Project description:Background:Pityriasis versicolor (PV) is the most common chronic superficial infection of the stratum corneum, reported in 40-60% of the tropical population. After the description of the new Malassezia species, only a few studies have been conducted from India. Aims:Molecular identification, quantification of Malassezia species implicated with PV and correlation to its clinical presentation. Materials and Methods:The subjects include 50 PV patients, who attended the dermatology outpatient department of our hospital and 50 healthy individuals. Same size area of the skin was sampled from lesional and non-lesional sites in the patient group and from forehead, cheek, and chest of healthy individuals. Malassezia spp. isolated were identified by conventional method and confirmed by ITS2 PCR-RFLP and sequencing of D1/D2 region of 26S rDNA. Results:Eighty percent of patients presented with hypopigmented lesions and 20% with hyperpigmented lesions. From PV lesions, the most frequently isolated species was M. furfur (50%), followed by M. globosa (27.3%), mixture of M. furfur and M. globosa (15.9%), M. sympodialis (4.5%), and M. slooffiae (2.3%). Higher Malassezia density was found in lesional area as compared to non-lesional area of PV patients and in healthy individuals (P 0.0001). Conclusion:Although M. furfur was the most prevalent species isolated from both patients and controls, significantly higher isolation of M. globosa from the lesional area compared to non-lesional area indicates its possible role along with M. furfur in causing PV.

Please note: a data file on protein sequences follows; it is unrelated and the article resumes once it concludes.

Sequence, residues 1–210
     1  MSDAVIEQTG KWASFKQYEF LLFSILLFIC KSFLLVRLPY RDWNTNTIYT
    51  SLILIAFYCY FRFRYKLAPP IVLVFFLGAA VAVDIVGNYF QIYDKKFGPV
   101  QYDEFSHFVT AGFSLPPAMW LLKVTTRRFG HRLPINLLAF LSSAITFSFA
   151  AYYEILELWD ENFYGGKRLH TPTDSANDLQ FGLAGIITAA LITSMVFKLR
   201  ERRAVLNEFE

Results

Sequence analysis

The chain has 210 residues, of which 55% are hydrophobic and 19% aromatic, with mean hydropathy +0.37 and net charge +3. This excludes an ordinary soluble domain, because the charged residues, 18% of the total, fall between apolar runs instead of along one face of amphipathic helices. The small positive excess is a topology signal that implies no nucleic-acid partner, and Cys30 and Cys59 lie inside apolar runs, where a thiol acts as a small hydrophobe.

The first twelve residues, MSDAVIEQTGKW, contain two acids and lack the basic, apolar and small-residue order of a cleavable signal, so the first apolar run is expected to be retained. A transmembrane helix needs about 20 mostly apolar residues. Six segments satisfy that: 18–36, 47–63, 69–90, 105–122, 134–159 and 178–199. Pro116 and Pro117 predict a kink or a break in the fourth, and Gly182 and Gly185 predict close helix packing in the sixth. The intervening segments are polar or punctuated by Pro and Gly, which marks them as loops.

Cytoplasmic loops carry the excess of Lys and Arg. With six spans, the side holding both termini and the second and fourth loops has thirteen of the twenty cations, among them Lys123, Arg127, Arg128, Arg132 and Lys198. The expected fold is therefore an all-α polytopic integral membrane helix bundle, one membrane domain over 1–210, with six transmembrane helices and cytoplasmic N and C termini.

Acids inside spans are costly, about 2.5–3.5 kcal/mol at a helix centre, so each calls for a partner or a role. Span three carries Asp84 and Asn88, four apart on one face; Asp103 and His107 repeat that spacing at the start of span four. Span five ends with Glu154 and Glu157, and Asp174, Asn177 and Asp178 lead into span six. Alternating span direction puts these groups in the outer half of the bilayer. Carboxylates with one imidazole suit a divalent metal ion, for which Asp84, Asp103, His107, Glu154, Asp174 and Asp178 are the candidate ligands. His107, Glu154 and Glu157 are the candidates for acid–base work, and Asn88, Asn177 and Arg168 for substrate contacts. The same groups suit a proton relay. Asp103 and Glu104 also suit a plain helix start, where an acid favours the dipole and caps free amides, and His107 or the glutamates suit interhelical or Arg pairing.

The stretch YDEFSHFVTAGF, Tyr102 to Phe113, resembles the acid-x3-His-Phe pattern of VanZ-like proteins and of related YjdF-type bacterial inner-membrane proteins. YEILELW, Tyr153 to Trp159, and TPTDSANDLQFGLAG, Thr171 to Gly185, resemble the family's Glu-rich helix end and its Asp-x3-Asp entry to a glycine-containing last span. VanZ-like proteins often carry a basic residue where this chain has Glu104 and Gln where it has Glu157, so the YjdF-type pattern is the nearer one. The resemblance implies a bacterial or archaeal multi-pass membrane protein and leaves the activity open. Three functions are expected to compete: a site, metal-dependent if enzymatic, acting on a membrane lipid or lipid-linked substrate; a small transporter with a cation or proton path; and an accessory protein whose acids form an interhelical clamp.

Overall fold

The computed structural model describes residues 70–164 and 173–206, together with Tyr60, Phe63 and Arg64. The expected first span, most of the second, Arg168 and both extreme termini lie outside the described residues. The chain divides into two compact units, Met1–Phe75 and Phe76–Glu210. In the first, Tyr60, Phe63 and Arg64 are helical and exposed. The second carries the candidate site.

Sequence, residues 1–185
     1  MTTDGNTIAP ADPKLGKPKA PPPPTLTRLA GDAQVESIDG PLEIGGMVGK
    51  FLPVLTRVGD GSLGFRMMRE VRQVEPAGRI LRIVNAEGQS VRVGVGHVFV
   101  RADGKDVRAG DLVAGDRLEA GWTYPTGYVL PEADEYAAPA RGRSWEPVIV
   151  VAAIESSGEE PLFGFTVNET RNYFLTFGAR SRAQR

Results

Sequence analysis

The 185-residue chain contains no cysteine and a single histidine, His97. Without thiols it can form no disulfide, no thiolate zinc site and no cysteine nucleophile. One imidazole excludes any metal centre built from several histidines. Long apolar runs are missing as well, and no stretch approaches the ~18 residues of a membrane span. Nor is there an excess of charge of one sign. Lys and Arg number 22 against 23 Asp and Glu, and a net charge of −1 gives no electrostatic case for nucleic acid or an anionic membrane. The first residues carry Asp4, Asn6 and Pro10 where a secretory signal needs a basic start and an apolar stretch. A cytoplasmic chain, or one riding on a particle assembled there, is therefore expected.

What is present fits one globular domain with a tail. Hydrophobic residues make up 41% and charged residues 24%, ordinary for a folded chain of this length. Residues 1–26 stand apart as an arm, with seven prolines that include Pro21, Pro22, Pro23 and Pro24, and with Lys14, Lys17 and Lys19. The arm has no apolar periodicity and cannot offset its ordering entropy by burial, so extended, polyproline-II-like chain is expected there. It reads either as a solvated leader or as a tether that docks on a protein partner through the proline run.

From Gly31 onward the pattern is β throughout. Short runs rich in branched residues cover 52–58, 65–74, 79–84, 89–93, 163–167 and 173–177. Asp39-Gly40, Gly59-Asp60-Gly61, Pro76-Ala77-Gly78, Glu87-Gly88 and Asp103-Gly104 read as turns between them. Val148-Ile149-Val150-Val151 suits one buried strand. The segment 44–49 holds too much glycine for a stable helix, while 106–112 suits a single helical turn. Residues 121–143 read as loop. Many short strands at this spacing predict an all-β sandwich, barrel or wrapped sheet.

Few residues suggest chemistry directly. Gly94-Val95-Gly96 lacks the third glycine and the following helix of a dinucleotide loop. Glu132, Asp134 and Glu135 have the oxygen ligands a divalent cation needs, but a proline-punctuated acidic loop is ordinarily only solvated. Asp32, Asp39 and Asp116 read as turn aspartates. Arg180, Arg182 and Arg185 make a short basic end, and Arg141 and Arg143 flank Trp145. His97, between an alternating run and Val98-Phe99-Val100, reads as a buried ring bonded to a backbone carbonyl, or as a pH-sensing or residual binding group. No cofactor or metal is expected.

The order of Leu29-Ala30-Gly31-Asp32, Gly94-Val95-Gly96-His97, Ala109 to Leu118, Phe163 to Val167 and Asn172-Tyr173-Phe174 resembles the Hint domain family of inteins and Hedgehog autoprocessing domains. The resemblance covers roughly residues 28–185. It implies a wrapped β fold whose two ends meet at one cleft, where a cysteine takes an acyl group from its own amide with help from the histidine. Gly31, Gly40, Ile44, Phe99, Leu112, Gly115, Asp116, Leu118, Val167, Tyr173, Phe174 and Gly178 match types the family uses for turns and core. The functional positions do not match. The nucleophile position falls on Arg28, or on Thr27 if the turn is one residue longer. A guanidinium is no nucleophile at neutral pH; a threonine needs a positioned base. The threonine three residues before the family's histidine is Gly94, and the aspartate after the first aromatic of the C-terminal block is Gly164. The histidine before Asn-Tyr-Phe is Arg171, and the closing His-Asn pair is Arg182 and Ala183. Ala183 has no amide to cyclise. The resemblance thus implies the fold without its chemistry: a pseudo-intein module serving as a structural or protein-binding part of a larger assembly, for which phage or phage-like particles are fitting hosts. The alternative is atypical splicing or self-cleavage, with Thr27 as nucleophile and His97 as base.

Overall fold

Project description:Malassezia species are lipophilic and lipid-dependent yeasts belonging to the human and animal microbiota. Typically, they are isolated from regions rich in sebaceous glands. They have been associated with dermatological diseases such as seborrheic dermatitis, pityriasis versicolor, atopic dermatitis, and folliculitis. The genomes of Malassezia globosa, Malassezia sympodialis, and Malassezia pachydermatis lack the genes related to fatty acid synthesis. Here, the lipid-synthesis pathways of these species, as well as of Malassezia furfur, and of an atypical M. furfur variant were reconstructed using genome data and Constraints Based Reconstruction and Analysis. To this end, the genomes of M. furfur CBS 1878 and the atypical M. furfur 4DS were sequenced and annotated. The resulting Enzyme Commission numbers and predicted reactions were similar to the other Malassezia strains despite the differences in their genome size. Proteomic profiling was utilized to validate flux distributions. Flux differences were observed in the production of steroids in M. furfur and in the metabolism of butanoate in M. pachydermatis. The predictions obtained via these metabolic reconstructions also suggested defects in the assimilation of palmitic acid in M. globosa, M. sympodialis, M. pachydermatis, and the atypical variant of M. furfur, but not in M. furfur. These predictions were validated via physiological characterization, showing the predictive power of metabolic network reconstructions to provide new clues about the metabolic versatility of Malassezia.